Women who drink: feminism and alcohol

It never occurred to me that women were the first brewers of beer. Yet, so obvious. They were the bakers of the bread and the stokers of the fire, the homemakers. Beer was an integral part of the families’ diets. Women were making alcohol all over the world. Then men realised there was money and power to be had. This is what I learnt from Girly Drinks, A World History of Women and Alcohol by Mallory O’Meara

So, here is a story. When I was 18 years old I got drunk on a beach with a couple of boys, including my at that time boyfriend. Something new happened that night. I was made to feel ashamed for getting drunk. Because I was a girl. I railed against this attempt to control me, especially, the irony that this boyfriend was a problem drinker potentially on the way to alcoholism. He was drinking a goonie of Fruity Lexia a day. I mean gross! Cheap but gross. But so ingrained in the patriarchy, I lost a necklace on the beach that night. One I wore every day. I loved it. I thought this is my punishment for getting drunk. I held the two thoughts at the same time. Shame and anger.

Boys will be boys, yet girls partying like boys might bring down all of society

Mallory O’Meara, Girly Drinks: A World History of Women and Alcohol

This is how the personal is political.

Pubs were an integral part of my 1970s childhood. In a small country town, there aren’t too many places to hang out. It was an important community space. Every year the ‘Christmas Tree’ was held a the pub, all the children were there, and Santa came and gave us presents. We ran amok in the pub’s grounds. We ate chips and drank sarsaparilla.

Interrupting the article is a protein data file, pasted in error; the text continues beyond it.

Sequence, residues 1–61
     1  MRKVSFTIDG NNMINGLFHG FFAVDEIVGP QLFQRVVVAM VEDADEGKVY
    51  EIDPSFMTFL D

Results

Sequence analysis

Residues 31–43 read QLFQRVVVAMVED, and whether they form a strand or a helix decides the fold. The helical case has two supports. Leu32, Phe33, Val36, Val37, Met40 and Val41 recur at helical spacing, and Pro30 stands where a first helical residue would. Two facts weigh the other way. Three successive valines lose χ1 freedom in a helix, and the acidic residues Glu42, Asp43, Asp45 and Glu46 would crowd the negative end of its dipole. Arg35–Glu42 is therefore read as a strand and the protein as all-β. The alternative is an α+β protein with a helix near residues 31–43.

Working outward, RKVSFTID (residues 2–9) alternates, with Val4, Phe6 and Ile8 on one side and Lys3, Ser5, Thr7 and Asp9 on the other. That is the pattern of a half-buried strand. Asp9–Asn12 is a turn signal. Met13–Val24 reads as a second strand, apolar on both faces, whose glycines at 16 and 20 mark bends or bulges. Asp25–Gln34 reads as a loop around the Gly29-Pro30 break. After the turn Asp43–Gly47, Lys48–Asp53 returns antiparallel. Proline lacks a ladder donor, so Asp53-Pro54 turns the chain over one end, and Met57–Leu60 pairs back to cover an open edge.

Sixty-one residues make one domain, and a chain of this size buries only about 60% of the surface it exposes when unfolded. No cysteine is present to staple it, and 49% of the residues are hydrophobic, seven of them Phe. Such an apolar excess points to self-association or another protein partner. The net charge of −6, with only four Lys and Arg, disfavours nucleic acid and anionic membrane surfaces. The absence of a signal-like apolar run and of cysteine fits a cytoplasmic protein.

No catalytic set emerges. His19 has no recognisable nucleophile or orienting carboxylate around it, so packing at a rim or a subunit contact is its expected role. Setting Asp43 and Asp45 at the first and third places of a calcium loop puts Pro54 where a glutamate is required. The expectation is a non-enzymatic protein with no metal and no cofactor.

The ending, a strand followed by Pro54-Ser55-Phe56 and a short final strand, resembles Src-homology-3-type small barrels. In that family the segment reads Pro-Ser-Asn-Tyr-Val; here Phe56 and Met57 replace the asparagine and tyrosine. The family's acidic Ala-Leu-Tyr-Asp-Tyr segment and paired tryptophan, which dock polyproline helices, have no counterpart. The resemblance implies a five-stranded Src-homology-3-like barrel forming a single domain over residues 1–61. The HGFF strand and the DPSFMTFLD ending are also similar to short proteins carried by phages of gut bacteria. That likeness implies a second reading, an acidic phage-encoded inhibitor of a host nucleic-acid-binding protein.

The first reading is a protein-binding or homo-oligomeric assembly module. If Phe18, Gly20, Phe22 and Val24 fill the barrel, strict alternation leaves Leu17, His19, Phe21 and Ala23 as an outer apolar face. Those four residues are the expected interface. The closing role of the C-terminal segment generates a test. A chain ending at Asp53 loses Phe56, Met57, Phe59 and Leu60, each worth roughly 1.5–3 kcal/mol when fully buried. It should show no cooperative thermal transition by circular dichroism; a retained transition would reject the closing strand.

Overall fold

But, the pub was a segregated space. The men drank in the bar and the women and children in the ladies’ lounge. This was not the law. This was the culture. The law changed in Queensland in 1970. There are these legendary women who chained themselves to Brisbane’s Regatta bar in 1965.

To celebrate the reading of Girly Drinks, my mum and I went back to our family local, the Goombungee pub (The Pioneer Arms), and had a drink in the bar. It was fairly uneventful! The first two licensees of the pub from 1897 until 1905 were Mrs Annie Lovejoy and Mrs Louisa Wockner. This is consistent with Claire Wright’s book, Beyond the Ladies Lounge: Australia’s Female Publicans.

Australia turned its back on the British way where women aged 14 -40 could not hold a liquor licence and most women who held licences were widows. In Australia, the legislation was specifically open as women were seen to be the civilising force. Married women could not hold property but could have the property of a liquor licence. Wright calls hotelkeeping a ‘girls club’.

O’Meara traces the gendering of alcohol back to the Code of Hammurabi a Babylonian legal text composed during 1755–1750 BC. Not only does it look like a giant penis (as noted by O’Meara), but it also legalised patriarchy. We went from Ninkasi, a Sumerian beer goddess worshipped by the brewing priestesses who sang hymns (beer recipes) and drank beer to celebrate her to the 110th Hammurabi code: A “sister of a deity” who starts a bar or goes inside one to drink will be burnt at the stake. There is the root of my experiences of being made to feel ashamed for being a drunk girl, and being legally relegated to the ladies’ lounge in Queensland until 1970.